Before Midnight, screened at the 63rd Berlinale, traces the ups and downs in the Jesse-Celine relationship which began in Before Sunrise directed by Richard Linklater in 1995
When you think of a franchise, it is usually these mega blockbusters with superheroes or horrid, twisted films that spawn sequels and prequels — at last count there was Saw VI! One would have thought a love story wouldn’t lend itself easily to a sequel. Before Midnight screened in the competition section at the 63rd Berlinale proves that theory wrong.
Long ago, in 1995, American Jesse met French Celine on a train. The two spent a night in Vienna walking and talking and discovering each other. The movie ended with the two parting with a promise to meet at the same place six months later. That was Before Sunrise directed by Richard Linklater with Ethan Hawke and Julie Delpy playing the leads.
Nine years later, in 2004, the two reunited for Before Sunset. Hawke and Delpy reprised their roles and shared writing credits with Linklater. After Vienna, the third who walked with them was Paris. Jesse is married with a son, while Celine has a boyfriend. Jesse writes a book based on his time with Celine and comes to Paris on a book tour. He meets Celine but like the first movie, there is a time constraint as Jesse has a plane to catch. The film ends with Jesse at Celine’s apartment admitting that he might miss that plane.
And now in 2013, another nine years later, comes Before Midnight another instalment in Jesse and Celine’s saga. The two live together in Paris with their beautiful twin daughters. Jesse is guilt-ridden about not being there for his growing son. Celine is at a crossroads as far as her career goes. It is the last day of an eventful holiday in Greece and the couple are again walking and talking through the ups and downs of their relationship.
Like the earlier movies, the conversation is the strength as well as the weakness of the film. It is charming, honest, interesting and just a little dull — yes dull, but then even the greatest conversationalist would have off-moments right?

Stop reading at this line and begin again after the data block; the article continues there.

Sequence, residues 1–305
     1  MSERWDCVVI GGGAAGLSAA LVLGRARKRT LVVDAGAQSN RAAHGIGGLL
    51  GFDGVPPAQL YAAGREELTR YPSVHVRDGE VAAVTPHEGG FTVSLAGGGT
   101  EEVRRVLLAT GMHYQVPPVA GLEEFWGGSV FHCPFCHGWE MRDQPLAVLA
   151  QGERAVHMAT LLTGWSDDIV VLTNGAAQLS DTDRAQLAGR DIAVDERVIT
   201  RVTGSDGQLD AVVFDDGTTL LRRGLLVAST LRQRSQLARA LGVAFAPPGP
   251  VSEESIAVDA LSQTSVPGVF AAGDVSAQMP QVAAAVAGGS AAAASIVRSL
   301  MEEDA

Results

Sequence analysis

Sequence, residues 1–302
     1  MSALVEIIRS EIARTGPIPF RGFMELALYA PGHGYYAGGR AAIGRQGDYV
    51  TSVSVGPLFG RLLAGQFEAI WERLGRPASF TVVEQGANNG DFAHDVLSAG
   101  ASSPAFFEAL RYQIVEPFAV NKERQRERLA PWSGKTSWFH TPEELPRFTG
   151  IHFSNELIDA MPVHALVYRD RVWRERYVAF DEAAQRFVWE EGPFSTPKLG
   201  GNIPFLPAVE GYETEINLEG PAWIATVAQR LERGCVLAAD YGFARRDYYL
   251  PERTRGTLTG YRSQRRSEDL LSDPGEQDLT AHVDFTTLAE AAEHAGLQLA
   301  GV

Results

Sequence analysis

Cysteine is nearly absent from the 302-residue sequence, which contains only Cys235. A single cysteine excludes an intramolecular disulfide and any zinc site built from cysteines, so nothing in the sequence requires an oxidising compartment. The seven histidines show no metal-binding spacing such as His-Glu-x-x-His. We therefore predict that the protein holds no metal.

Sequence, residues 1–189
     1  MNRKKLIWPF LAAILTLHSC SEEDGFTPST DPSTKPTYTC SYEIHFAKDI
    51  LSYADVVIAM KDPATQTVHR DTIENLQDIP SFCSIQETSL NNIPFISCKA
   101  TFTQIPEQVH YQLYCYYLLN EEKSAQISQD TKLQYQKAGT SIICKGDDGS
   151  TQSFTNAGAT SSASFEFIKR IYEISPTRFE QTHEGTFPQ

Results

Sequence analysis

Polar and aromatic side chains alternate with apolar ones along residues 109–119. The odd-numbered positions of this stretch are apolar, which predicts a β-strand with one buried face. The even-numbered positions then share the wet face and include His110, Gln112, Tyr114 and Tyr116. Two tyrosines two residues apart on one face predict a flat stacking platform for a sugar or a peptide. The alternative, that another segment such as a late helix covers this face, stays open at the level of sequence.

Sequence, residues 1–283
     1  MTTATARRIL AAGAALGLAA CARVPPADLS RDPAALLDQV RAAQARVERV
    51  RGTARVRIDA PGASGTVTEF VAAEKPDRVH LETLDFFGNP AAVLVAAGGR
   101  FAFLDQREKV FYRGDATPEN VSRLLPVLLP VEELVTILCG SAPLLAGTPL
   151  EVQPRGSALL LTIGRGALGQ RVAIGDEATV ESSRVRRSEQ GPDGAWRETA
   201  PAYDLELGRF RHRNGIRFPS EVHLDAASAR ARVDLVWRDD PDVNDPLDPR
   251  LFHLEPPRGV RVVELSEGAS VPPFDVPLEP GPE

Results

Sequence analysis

In the press conference after the film, Hawke, Delpy and Linklater tried to decode the fascination this couple has for cities and conversation. “We created these characters 18 years ago,” said Linklater. “And they haven’t left us.”
Talking about the process of collaboration, Delpy said, “It wasn’t necessarily me writing all the feminist stuff.” Linklater said it was a collaborative process as “there was the luxury of time”.
Talking about how much of themselves went into Jesse and Celine, Hawke (he has a rather bizarre hairstyle) said, “One of the things about working with Richard is you can blur the line between character and player. A large part of Celine and Jesse is Richard himself.”
Delpy chimed in rather poetically saying: “You take a seed of truth, which then grows into a tree of fiction.”
Talking about the seeming effortlessness of the performance, Linklater said, “It looks improvised but it is not,” and Delpy added, “The film is very written. I wish I could argue like that!”
Though Linklater did not want to commit on part four to the saga, saying he had “no idea what will happen in the future,” maybe we should let Celine and Jesse live out their lives in whichever exotic part of the globe they call home — for the next nine years at least!
The writer was in Berlin at the invitation of Goethe-Institut/Max Mueller Bhavan